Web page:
• Chapters 2 (visual essay without words) and 3 focus mainly on the portrayal of women in images. In my previous blog, I was uncertain whether Berger’s reading of female psychology was as relevant today as in 1960s Britain. Anecdotally, I felt it could be, but hoped that we might have become more conscious of a culture of demeaning portrayal of women. The Misrepresentation Project in 2011 however, highlights the ongoing struggle. As a photographer, it is important to be aware of the engrained culture of the objectification of women, valued for appearance and sexual availability; this is shown in imagery through the gaze and signs within the narrative of images and also the gaze in relation to the viewer of the image. Berger discusses this at length. A look at female self-portraits on Flickr reveals some complexities in this area; sexualised self-portraits – exploration of sexuality or self-objectification / knowingly or unknowingly. It is perhaps not for us to judge how others decide to present their own body-image, but we can decide how and what we choose to photograph.

Flickr gallery of objectifying self-portraits (my perception):

During this research, I noticed CyanideMishka who dedicates her work to exploring her own sexuality through self-portraits; the photos are well-done but I wonder whether her 7.7k followers are mostly male and on what level they read the photos. See here (contains nude images) I will see whether she will comment on this post.

Berger does not deal with the portrayal of men in imagery to any significant extent, other than to mention they are mostly shown in positions of power and authority, their own person, not an object to be owned. In recent years, after Berger’s writing, issues with male depiction in the media have also gained some traction.

  • Chapter 5 deals with the genre of old paintings and their commissioners. For me, often confused by the merit of some oil paintings, this was a revelation. Berger says, ‘oil paintings often depict things. Things which in reality are buyable. To have a thing painted and put on a canvas is not unlike buying it and putting it in your house.’ (ibid, p83). Berger observes that the reason that many of the greats of oil painting died in poverty was because their work didn’t show things that would appeal to the vanity of wealthy commissioners (eg merchants in fine houses, with beautiful possessions). The work was not ‘commercial’. I am reminded of the story of Alfred Stieglitz (1864–1946) introducing the work of Picasso to America in 1911 and being unsuccessful in selling a single piece. In all art, including photography, the quality of the work does not necessarily relate to financial reward. Photographers motivated to make money from their work do well to separate their commercial and personal artist interests.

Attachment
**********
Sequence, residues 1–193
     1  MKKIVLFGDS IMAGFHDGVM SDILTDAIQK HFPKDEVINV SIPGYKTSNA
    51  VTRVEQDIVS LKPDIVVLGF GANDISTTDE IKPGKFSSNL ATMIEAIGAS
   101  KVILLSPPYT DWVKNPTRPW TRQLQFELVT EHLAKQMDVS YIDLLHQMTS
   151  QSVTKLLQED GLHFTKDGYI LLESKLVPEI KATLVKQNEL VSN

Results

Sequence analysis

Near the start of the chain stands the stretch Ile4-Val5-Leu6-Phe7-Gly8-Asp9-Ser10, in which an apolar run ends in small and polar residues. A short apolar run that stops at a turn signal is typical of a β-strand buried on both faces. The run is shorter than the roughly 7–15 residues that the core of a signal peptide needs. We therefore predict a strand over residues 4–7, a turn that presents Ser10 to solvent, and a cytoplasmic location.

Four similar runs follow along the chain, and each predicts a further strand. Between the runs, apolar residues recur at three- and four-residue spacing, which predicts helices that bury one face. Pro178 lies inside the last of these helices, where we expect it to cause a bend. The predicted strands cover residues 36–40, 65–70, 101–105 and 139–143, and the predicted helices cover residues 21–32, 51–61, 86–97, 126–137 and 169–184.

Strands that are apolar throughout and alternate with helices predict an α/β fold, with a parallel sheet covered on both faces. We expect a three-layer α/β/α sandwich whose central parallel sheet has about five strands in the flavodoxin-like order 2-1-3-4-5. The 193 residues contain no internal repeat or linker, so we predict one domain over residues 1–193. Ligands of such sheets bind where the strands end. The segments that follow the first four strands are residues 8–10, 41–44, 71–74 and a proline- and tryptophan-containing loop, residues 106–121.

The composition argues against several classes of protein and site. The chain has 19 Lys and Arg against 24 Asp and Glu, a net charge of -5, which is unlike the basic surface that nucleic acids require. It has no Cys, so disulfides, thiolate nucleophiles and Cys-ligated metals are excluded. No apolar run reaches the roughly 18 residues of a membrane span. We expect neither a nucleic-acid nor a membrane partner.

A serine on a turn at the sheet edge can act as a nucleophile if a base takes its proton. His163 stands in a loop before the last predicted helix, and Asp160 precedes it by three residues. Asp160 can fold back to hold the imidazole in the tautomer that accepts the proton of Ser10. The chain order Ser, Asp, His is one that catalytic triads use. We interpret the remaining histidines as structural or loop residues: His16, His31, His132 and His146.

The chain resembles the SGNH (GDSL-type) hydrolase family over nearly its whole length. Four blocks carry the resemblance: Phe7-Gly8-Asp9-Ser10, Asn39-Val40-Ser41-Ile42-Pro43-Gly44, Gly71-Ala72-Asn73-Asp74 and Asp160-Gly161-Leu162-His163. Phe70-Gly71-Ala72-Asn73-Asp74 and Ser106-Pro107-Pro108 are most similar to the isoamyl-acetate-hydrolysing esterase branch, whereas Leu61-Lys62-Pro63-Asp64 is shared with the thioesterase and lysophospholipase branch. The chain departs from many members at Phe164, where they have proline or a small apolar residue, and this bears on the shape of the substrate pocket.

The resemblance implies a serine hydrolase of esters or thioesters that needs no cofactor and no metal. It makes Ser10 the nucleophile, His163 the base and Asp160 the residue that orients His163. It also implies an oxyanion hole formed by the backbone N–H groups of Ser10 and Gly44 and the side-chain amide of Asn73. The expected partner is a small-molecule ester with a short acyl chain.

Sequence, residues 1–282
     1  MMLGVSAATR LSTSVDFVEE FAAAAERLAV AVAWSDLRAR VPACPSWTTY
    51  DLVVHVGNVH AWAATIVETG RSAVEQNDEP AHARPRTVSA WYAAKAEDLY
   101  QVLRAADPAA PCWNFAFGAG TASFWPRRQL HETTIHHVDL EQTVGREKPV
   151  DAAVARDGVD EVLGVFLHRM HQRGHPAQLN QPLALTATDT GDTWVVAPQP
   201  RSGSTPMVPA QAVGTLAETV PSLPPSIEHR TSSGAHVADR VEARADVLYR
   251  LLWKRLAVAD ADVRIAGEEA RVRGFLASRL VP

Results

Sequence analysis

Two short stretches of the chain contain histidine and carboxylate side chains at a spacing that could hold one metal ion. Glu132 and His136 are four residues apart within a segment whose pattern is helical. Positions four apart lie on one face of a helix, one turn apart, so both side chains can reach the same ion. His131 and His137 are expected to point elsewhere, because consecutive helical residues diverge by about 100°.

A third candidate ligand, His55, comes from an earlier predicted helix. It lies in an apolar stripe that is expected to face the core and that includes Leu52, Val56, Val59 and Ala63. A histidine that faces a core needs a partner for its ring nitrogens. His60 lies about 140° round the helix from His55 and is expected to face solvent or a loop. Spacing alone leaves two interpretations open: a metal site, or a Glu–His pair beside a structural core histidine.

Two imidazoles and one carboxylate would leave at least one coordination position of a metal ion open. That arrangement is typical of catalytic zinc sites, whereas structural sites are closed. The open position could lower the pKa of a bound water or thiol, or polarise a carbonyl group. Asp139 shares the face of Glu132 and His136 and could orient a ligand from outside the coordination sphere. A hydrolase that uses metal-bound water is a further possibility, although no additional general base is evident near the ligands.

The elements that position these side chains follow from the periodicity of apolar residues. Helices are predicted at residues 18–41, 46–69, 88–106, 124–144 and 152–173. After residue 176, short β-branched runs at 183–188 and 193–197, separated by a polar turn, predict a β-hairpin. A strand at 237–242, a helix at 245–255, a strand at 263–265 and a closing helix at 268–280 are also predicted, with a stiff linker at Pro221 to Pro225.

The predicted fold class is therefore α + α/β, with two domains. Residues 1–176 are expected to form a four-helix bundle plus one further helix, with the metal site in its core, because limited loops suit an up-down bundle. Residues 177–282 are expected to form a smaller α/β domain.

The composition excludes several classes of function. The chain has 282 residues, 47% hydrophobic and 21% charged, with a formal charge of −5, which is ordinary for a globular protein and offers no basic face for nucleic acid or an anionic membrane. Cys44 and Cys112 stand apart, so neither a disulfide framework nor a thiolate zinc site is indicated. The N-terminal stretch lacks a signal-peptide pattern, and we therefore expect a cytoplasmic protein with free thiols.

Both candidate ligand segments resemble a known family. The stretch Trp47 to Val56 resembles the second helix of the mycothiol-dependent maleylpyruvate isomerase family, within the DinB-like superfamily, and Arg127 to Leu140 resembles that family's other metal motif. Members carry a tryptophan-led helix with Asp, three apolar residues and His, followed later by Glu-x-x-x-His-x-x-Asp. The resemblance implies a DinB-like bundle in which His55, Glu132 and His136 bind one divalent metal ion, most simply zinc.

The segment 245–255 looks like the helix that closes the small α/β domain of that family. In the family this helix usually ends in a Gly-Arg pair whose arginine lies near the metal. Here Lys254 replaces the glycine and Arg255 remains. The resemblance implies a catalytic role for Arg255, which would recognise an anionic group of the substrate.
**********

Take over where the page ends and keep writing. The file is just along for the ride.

Berger’s work raises some fundamental considerations about the way we portray people in photographs and the way we read photographs that are so deeply engrained in our culture that they may go unnoticed or ignored as ‘just how it is’.


Berger J, et al (1973). Ways of Seeing. London, Penguin Books Ltd.

Fitzgibbon A (2016). Context.Fitzgibbonphotography [blog]. Ways of Seeing (5 January). Available from: [accessed 24.10.16]

Vimeo. Misrepresentation Project. Available from: [accessed 24.10.16]

Photography and Zen: Discovering your true nature through photography.

In my tutor’s feedback on A1 (see here), he suggested that I could be overly concerned with the technical aspects of photography, possibly to the detriment of other aspects. This struck a chord and reminded me of my early experiences with guitar playing, when it was easy to become too focused on the technique of playing, rather than just playing. After a while one knows the technique, it becomes second nature and doesn’t need to be thought about. Through my guitar and being an erstwhile judo player, I’m aware of how it feels to be in a non-thinking zone and also that I am not yet often in that zone with my photography, sometimes actively thinking about camera settings.

I decided to turn to Stephen Bray’s book Photography and Zen as part of a reflection on my current practice and how I might break out of my technical habits. I also referred back to a review of a book I read during the EYV course, Tao of Photography by Phillippe Gross.

My earlier review of Gross’s book appears to be a series of quotations from the book with no record of what they meant to me at the time. A little disappointing in retrospect, but encouraging that I would hopefully not repeat a similar approach just over a year and a half later. I perhaps need re-read the book. The quotes listed are all about seeing and perception, for example:

It is part of a photographer’s job to see more intensely than most people do. He must have and keep in him something of the receptiveness of the child who looks at the world for the first time or of the traveller who enters a strange country – Bill Brandt